Now that we've learned to use
clang-format and created style rules for our project, we need to make sure we're enforcing
In an optimal flow, we would enforce formatting before allowing changes to be checked in. A common strategy would be to enforce formatting using a
git commit hook. However, I have two problems with enforcing formatting with a
First, it can be a major disruption to the development flow. I don't necessarily want my code to be auto-formatted whenever I commit, as I may want to go back and disable
clang-format around some sections of specifically formatted code. I also don't want commits to be rejected while I'm initially working through changes and testing for functionality.
Second, the use of
git hooks requires users to install the hooks on their end. It's hard to fully enforce that flow, especially since you're relying on developers to remember that hooks need to be installed.
Instead, I've decided to take it out of the developer's hands and enforce it using my build server. By combining Jenkins with GitHub protected branches and status checks, we can ensure that all changes are checked for formatting before they are merged into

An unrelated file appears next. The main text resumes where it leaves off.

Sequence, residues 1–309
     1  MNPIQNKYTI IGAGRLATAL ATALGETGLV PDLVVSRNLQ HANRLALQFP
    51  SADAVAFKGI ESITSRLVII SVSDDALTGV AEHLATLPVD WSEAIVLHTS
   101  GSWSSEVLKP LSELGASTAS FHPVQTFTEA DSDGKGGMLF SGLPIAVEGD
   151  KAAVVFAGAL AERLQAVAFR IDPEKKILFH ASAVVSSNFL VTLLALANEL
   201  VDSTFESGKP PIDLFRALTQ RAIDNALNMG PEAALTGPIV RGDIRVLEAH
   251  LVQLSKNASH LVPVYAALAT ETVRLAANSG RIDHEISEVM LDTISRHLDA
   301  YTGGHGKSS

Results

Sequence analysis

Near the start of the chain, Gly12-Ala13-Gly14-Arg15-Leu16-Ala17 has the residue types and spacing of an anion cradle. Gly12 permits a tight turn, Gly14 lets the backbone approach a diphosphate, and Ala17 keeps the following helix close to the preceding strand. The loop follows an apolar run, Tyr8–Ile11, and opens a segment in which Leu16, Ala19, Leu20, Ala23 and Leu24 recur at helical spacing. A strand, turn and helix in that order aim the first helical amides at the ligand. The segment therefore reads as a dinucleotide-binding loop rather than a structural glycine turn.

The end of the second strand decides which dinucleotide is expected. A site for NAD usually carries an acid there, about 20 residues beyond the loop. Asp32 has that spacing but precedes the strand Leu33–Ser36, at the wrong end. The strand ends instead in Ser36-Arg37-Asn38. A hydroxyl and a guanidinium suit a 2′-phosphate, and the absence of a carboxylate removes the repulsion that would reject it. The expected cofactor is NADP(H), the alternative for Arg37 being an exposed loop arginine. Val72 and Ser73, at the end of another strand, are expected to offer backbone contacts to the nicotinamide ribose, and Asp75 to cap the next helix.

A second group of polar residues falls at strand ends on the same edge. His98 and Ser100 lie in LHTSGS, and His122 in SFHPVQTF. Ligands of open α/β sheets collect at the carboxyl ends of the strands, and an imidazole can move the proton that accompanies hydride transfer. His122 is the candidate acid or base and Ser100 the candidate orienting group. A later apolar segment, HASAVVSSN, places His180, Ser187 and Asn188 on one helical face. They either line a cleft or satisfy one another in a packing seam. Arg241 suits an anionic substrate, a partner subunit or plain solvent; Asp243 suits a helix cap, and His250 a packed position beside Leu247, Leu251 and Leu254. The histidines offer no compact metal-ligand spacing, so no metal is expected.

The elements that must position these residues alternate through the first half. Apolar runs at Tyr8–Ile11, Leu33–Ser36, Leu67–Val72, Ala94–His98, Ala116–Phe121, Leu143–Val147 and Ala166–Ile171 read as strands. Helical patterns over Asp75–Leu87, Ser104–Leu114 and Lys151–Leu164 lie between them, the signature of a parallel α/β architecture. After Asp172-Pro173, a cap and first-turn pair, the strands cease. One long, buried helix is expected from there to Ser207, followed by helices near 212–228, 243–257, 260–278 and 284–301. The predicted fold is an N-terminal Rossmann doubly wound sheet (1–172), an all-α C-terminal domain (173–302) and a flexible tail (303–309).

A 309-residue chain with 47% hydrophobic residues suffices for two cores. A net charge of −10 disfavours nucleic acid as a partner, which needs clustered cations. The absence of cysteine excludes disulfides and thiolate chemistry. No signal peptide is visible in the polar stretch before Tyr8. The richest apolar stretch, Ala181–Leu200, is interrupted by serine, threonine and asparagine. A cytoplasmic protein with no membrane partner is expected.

When a continuous integration build is triggered (due to submitting a pull request or by committing a new change to a monitored branch), we run a
format step as part of the build pipeline. The
format step uses the
clang-format-patch wrapper script from the
format repository. After the build and test stages complete, we use the
clang-format-patch script and check for the existence of a patch file. If there are formatting changes needed, the build will fail and the patch file will be archived for the developer to reference.
format build stage also reports in to GitHub using its own status string. This allows us to monitor pull requests and see which stage of the CI build failed and to block merges until formatting is acceptable. If you are interested in reporting a specific formating status for your own projects, please refer to my
reportFormatStatus function in the
I have been using this flow on my managed projects for the past few months and have found that it is a great middle ground between enforcing formatting and letting developers keep their own flow.